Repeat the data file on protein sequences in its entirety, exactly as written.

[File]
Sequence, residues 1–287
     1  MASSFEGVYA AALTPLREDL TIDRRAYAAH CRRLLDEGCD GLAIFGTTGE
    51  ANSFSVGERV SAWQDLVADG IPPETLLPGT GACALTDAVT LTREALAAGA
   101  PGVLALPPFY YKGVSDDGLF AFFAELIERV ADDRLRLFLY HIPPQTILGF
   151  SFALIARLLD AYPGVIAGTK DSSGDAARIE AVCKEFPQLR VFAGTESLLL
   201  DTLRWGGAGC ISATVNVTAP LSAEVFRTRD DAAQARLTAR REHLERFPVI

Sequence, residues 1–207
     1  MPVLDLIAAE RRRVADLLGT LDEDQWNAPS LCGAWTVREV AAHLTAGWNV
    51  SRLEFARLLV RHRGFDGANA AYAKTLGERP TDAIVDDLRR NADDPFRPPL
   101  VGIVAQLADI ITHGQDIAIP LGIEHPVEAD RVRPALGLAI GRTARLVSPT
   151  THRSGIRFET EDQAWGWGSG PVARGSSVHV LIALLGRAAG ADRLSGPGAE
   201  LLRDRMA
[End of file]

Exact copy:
Sequence, residues 1–287
     1  MASSFEGVYA AALTPLREDL TIDRRAYAAH CRRLLDEGCD GLAIFGTTGE
    51  ANSFSVGERV SAWQDLVADG IPPETLLPGT GACALTDAVT LTREALAAGA
   101  PGVLALPPFY YKGVSDDGLF AFFAELIERV ADDRLRLFLY HIPPQTILGF
   151  SFALIARLLD AYPGVIAGTK DSSGDAARIE AVCKEFPQLR VFAGTESLLL
   201  DTLRWGGAGC ISATVNVTAP LSAEVFRTRD DAAQARLTAR REHLERFPVI

Sequence, residues 1–207
     1  MPVLDLIAAE RRRVADLLGT LDEDQWNAPS LCGAWTVREV AAHLTAGWNV
    51  SRLEFARLLV RHRGFDGANA AYAKTLGERP TDAIVDDLRR NADDPFRPPL
   101  VGIVAQLADI ITHGQDIAIP LGIEHPVEAD RVRPALGLAI GRTARLVSPT
   151  THRSGIRFET EDQAWGWGSG PVARGSSVHV LIALLGRAAG ADRLSGPGAE
   201  LLRDRMA